Fall 2016

Active Materials : Applying the soft materials paradigm to Biology

September 6, 2016

Aparna Baskaran (Brandeis)
Host: Department of Physics

Abstract: In this talk I will introduce and discuss a recently developed class of microscopically driven materials that have been termed active materials. Drawing lessons from both biology and in vitro experimental systems, I will discuss theoretical challenges and different approaches that have proved fruitful so far. In particular, I will discuss the physics of active brownian particles and active nematics.

Cosmic inflation and quantum gravity

September 13, 2016

Albion Lawrence (Brandeis)
Host: Department of Physics

Abstract: A new generation of cosmic microwave background (CMB) experiments are poised to test “high scale” models of cosmic inflation which are highly sensitive to quantum gravitational effects.  In this talk I will review basic aspects of inflation and its imprint on the CMB, and then discuss the difficulties in constructing high-scale models which are not spoiled by quantum gravity.  I will describe a specific class of models which use nontrivial quantum field theory dynamics to evade these difficulties.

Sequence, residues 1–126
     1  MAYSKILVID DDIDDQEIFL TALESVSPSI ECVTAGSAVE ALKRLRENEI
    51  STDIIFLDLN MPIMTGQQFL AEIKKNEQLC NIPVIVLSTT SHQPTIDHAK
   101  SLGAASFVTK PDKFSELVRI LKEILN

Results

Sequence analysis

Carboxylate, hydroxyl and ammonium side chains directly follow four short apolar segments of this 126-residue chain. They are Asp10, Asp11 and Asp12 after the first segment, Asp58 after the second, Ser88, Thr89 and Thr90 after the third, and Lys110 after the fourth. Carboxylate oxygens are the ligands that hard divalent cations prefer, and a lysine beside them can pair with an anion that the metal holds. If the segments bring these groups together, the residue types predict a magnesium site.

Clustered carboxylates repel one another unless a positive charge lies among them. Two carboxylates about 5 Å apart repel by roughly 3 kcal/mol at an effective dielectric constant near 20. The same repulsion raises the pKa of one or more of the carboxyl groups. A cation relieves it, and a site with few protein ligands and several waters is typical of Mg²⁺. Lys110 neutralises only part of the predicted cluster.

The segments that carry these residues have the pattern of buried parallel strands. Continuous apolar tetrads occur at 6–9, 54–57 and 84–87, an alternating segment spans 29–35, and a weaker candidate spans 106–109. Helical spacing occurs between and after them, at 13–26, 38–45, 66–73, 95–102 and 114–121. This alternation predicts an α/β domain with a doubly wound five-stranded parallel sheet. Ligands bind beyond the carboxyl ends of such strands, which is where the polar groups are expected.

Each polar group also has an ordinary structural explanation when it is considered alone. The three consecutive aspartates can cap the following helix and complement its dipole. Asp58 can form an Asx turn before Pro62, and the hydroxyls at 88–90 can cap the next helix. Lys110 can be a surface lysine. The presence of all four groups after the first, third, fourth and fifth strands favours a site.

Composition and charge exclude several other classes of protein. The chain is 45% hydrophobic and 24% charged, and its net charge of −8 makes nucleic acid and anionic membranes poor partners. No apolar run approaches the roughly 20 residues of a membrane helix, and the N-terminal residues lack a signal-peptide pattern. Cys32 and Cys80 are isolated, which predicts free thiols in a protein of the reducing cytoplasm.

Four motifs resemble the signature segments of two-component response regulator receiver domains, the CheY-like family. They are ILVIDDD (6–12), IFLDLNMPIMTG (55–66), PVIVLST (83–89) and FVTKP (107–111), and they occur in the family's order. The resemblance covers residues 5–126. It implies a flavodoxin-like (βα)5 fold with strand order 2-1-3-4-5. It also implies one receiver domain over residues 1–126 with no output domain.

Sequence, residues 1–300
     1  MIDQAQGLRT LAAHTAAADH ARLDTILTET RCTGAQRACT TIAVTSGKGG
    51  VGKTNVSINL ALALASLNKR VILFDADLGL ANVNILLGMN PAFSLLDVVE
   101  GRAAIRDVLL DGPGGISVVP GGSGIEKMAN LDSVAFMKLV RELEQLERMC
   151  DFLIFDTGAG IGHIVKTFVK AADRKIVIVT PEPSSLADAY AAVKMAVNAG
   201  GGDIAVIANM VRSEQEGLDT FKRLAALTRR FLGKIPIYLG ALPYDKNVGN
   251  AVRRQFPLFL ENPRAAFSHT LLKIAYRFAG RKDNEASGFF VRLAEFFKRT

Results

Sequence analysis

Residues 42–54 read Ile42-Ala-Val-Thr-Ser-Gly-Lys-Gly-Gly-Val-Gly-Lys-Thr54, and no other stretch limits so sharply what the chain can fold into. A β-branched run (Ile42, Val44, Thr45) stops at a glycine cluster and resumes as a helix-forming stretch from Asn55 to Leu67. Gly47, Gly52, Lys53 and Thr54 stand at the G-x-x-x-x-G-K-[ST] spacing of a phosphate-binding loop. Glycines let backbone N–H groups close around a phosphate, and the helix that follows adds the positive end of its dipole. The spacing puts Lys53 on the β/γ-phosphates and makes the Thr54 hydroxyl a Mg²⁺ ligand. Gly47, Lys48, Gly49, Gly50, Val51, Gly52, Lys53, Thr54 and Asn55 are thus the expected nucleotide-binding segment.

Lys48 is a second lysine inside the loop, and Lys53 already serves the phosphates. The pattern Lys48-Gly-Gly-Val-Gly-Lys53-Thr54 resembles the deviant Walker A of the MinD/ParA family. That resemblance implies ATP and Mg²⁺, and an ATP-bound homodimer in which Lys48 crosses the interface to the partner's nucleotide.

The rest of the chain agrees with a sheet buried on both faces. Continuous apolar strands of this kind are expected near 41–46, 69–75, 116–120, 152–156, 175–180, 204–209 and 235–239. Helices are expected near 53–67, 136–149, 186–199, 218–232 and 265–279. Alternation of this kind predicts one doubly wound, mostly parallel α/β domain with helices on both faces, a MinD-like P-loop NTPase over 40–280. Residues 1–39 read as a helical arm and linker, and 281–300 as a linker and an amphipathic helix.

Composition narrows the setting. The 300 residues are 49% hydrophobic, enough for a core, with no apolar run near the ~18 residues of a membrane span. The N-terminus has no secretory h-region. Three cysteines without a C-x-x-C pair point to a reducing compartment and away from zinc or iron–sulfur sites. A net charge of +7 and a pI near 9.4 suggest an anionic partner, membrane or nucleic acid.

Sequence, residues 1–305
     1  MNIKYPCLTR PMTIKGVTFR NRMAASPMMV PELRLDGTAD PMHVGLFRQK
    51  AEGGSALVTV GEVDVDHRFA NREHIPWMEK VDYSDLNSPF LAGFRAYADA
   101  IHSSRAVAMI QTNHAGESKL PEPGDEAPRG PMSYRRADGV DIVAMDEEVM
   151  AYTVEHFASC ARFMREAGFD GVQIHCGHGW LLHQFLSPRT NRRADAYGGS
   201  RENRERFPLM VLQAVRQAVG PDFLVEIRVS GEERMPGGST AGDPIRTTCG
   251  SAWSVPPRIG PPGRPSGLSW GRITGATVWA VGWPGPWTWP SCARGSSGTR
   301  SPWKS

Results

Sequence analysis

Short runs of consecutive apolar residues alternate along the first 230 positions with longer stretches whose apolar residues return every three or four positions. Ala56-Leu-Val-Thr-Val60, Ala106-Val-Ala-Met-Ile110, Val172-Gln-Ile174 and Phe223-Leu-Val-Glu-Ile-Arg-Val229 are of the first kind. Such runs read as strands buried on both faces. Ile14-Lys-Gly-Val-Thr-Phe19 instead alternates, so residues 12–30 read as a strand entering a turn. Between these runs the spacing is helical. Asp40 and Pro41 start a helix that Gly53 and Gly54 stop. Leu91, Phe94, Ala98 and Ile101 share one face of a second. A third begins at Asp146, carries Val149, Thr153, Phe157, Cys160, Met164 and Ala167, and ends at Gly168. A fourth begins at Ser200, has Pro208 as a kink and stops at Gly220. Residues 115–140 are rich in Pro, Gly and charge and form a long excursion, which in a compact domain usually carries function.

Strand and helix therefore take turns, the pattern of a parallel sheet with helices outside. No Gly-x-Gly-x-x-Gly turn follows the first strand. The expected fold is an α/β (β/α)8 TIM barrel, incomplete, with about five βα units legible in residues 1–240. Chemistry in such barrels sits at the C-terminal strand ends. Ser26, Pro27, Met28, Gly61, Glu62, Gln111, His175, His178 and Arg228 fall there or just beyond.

Improving student understanding of quantum mechanics

September 20, 2016

Chandralekha Singh (University of Pittsburgh)
Host: Prof. Matthew Headrick

Abstract: Learning quantum mechanics is challenging, in part due to the non-intuitive nature of the subject matter. Our research shows that the patterns of reasoning difficulties in learning quantum mechanics are often universal similar to the universal nature of reasoning difficulties found in introductory physics. Our research also shows that students often have difficulty in monitoring  their learning while learning quantum mechanics. To help improve student understanding of quantum concepts, we are developing quantum interactive learning tutorials (QuILTs) as well as tools for peer-instruction. The goal of QuILTs and peer-instruction tools is to actively engage students in the learning process and to help them build links between the formalism and the conceptual aspects of quantum physics without compromising the technical content. I will discuss the effectiveness of these learning tools based upon assessment data.